The government will fix a market-linked minimum support price (MSP) for 14 items - including bamboo, tendu leaf, honey and tamarind - on the list of minor forest produce from January 1, 2013. This is being done to "substantially" increase the income of around 10 crore tribals and forest dwellers.
The MSP implementation comes exactly five years after the watershed Forest Rights Act became effective, and more than a year before the next general elections in 2014. Political strategists in the government believe that fixing the MSP for forest produce can benefit the UPA - a la MGNREGA in the 2009 elections.
The forest rights law, enforced by the UPA-1, gave forest dwellers and tribals the right to harvest minor forest produce for their livelihood, a business considered to be worth Rs. 5,000 crore annually. However, they still get less than one-tenth of the market price for the produce collected.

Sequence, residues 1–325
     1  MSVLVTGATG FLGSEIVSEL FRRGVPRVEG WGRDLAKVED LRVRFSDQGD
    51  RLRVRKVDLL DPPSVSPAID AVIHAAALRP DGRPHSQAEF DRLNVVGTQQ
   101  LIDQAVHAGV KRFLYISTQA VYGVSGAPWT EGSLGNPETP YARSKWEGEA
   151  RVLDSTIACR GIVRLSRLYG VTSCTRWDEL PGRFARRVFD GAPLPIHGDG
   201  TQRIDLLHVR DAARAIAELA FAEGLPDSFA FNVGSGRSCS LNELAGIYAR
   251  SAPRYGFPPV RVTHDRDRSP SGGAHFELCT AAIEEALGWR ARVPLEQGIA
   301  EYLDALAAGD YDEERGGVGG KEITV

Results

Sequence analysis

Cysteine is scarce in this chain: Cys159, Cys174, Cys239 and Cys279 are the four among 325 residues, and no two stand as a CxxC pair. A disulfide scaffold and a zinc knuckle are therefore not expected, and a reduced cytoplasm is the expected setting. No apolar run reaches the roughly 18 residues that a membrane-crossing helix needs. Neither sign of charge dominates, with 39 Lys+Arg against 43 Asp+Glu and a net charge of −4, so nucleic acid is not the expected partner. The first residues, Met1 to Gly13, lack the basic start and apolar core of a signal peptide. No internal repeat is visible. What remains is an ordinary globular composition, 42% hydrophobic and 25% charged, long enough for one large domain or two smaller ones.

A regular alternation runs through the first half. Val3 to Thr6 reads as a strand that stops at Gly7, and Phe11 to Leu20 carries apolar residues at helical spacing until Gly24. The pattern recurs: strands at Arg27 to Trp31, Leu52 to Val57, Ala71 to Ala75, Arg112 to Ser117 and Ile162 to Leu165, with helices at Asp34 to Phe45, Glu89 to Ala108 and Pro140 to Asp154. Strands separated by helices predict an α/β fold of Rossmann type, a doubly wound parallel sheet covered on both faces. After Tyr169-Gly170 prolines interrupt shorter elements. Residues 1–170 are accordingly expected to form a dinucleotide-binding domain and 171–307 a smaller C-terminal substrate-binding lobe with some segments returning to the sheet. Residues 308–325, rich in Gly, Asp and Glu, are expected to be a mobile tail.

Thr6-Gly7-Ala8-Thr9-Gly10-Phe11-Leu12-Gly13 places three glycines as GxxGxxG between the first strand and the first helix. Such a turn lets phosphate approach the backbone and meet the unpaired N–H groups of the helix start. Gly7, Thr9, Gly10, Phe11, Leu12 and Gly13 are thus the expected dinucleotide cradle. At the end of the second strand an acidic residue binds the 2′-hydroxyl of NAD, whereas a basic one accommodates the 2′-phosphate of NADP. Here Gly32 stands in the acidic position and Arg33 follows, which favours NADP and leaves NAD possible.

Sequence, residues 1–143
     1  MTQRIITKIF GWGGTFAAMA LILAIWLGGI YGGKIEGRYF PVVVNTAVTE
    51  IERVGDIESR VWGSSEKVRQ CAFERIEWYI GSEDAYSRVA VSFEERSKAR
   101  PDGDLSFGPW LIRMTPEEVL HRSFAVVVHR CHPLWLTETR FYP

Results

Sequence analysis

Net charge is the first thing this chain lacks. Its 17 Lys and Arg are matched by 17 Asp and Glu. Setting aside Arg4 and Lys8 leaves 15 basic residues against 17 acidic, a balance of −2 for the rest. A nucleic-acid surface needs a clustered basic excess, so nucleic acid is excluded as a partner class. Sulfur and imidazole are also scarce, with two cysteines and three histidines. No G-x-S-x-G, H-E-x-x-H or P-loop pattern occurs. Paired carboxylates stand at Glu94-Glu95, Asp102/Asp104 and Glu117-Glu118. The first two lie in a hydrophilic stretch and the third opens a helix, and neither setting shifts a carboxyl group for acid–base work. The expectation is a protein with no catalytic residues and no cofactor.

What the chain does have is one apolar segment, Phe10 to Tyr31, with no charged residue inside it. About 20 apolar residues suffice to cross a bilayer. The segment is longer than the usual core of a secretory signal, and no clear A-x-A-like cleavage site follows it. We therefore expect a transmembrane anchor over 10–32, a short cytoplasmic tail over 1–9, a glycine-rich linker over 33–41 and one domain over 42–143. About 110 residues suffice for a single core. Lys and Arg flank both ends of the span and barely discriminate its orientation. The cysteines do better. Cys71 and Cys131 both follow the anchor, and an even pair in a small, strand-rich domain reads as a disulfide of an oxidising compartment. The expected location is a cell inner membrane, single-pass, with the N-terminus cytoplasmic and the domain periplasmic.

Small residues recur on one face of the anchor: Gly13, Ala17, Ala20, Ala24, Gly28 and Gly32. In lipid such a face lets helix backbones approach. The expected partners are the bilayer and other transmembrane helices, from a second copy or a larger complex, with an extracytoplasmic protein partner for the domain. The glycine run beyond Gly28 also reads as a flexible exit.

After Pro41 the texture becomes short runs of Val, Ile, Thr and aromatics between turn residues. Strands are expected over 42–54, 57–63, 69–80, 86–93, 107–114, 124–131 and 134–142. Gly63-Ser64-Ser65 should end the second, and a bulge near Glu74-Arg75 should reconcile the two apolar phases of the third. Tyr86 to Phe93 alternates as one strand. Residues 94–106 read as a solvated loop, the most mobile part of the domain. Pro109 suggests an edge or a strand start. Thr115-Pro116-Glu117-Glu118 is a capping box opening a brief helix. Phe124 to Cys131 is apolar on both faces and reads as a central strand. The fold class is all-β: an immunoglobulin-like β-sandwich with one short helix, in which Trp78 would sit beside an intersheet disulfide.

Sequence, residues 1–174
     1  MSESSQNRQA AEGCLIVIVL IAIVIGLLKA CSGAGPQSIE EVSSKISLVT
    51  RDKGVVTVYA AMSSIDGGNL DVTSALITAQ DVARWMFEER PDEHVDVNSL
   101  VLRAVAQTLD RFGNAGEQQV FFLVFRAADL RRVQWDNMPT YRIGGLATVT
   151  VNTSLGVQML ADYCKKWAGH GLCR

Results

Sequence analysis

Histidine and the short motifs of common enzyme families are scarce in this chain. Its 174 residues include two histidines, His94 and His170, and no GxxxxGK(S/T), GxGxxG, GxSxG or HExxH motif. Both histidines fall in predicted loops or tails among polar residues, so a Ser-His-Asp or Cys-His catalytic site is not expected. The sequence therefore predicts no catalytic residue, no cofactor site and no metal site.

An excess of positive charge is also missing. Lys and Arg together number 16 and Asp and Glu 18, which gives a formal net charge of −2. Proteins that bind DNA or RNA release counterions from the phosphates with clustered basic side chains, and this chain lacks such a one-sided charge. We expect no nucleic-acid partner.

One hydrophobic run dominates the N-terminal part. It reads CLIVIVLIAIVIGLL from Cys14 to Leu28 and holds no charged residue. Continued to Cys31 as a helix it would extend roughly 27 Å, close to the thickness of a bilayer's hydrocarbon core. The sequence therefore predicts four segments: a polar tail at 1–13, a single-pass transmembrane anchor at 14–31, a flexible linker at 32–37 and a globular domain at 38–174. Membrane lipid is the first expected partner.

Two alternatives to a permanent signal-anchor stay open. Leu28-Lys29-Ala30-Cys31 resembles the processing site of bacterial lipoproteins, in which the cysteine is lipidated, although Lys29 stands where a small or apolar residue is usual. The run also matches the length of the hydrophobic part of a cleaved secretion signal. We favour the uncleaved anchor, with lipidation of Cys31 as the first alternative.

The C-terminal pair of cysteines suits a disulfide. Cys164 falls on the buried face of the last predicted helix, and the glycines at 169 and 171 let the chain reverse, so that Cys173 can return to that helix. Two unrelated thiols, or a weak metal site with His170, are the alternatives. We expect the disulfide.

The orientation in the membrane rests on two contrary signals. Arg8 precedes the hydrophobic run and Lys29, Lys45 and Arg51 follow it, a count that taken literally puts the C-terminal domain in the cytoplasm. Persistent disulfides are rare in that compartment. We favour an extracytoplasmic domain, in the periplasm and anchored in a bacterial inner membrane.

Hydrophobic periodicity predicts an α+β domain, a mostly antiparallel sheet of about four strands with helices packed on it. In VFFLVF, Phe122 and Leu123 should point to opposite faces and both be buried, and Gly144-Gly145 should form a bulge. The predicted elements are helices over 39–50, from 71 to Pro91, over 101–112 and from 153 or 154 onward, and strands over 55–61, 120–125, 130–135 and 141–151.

"The new MSP will substantially increase the income of tribals without having a ripple effect on the market price of the produce," tribal affairs minister Kishore Chandra Deo said.
With this, tribals and forest dwellers - who are currently forced to sell items such as tamarind for Rs. 8 per kg, as compared to the market price of Rs. 100-120 per kg - will get a higher selling price.
The new mechanism, approved by the Planning Commission, will have state government agencies buying the produce directly from tribals at the MSP and then selling it to end-produce manufacturers. The tribals, however, will have the choice of selling the produce to private agencies - provided they pay more than the MSP.
A Central Price Fixation Commission will be set up by the tribal affairs ministry to fix the MSP on an annual basis. The Tribal Cooperative Marketing Development Federation of India will enforce it across the states, Deo said.
While the MSP will initially be declared for 14 minor forest products at the national level, it would then be extended to other derivatives.
In 2010, the panchayati raj ministry had constituted a committee under T Haque to recommend a mechanism for determining the minimum support price for minor forest products. A year later, the panel submitted its recommendation for a central MSP.